|written 5 months ago by||• modified 5 months ago|
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The generation of successors in a GA is determined by a set of operators that recombine and mutate selected members of the current population. These operators correspond to idealized versions of the genetic operations found in biological evolution.
The two most common operators are crossover and mutation.
The crossover operator produces two new offspring from two-parent strings, by copying selected bits from each parent. The bit at the position I in each offspring is copied from the bit at position i in one of the two parents.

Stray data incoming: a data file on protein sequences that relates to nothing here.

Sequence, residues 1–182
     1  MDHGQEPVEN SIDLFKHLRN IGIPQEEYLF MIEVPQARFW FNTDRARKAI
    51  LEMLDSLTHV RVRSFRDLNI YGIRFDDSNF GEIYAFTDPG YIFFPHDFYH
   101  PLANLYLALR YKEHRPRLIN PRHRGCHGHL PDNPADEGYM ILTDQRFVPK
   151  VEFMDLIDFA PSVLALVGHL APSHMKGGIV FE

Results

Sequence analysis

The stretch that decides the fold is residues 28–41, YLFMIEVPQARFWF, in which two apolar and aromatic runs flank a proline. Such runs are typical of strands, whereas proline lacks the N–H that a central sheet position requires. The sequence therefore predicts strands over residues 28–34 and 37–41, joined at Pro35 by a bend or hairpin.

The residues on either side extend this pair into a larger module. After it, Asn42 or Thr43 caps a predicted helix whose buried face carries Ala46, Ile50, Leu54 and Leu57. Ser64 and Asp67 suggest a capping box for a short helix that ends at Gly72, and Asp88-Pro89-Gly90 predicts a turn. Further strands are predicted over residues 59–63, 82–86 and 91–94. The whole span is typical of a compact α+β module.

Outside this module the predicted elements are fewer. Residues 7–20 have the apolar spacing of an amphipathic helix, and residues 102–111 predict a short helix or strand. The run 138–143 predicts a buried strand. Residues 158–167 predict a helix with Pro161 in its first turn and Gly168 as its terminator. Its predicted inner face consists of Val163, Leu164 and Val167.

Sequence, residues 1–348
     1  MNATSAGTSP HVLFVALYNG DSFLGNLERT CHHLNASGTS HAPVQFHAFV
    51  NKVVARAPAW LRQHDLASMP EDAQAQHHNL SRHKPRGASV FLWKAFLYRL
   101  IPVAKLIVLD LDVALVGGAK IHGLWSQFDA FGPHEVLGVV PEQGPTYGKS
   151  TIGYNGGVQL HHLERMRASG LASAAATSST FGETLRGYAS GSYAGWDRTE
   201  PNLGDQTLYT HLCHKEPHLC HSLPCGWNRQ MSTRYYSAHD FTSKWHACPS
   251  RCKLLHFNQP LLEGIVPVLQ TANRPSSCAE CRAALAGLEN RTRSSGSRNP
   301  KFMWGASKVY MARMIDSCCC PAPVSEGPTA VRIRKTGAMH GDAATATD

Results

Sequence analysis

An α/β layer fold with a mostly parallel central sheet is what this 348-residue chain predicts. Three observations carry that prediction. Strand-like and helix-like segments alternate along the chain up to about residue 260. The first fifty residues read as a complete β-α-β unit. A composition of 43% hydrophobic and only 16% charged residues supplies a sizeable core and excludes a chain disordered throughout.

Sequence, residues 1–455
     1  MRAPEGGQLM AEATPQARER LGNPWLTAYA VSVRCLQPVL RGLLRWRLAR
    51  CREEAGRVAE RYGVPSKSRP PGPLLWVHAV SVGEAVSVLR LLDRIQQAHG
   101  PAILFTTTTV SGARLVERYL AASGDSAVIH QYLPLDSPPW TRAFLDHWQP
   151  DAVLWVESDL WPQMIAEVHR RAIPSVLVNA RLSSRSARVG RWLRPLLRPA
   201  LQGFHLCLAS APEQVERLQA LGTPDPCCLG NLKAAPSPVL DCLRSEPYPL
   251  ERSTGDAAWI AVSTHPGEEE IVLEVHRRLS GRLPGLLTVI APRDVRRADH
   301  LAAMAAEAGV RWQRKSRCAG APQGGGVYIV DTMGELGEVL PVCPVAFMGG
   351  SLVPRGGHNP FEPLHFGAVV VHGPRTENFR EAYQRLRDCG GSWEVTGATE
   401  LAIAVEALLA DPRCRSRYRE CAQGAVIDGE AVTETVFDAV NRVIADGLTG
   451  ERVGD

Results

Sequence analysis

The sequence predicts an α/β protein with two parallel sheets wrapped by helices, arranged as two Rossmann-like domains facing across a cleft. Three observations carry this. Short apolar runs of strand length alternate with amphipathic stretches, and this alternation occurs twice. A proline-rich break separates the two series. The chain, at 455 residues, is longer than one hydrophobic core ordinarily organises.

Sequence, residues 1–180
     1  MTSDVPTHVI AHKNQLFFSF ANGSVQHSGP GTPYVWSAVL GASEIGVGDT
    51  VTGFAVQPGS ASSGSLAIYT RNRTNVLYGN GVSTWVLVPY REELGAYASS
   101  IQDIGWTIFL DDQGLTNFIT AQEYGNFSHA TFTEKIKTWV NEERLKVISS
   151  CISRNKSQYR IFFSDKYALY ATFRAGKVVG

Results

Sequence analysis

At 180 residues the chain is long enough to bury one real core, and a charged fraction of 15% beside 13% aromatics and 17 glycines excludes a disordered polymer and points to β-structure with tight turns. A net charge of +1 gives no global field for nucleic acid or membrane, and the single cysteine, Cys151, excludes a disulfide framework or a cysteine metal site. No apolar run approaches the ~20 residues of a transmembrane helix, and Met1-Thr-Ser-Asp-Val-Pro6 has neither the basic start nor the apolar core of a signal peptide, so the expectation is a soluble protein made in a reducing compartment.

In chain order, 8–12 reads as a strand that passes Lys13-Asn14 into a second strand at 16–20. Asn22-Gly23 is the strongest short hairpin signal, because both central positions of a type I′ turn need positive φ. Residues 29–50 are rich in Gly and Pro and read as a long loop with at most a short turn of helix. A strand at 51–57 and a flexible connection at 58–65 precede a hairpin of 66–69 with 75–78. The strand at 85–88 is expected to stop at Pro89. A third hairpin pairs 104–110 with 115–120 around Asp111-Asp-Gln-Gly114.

The choice of which parent contributes the bit for position i is determined by an additional string called the crossover mask.
Single-point crossover operator:
To illustrate, consider the single-point crossover operator at the top of the Table Consider the topmost of the two offspring in this case.
The second offspring uses the same crossover mask, but switches the roles of the two parents. Therefore, it contains the bits that were not used by the first offspring.
In the single-point crossover, the crossover mask is always constructed so that it begins with a string containing n contiguous Is, followed by the necessary number of 0s to complete the string.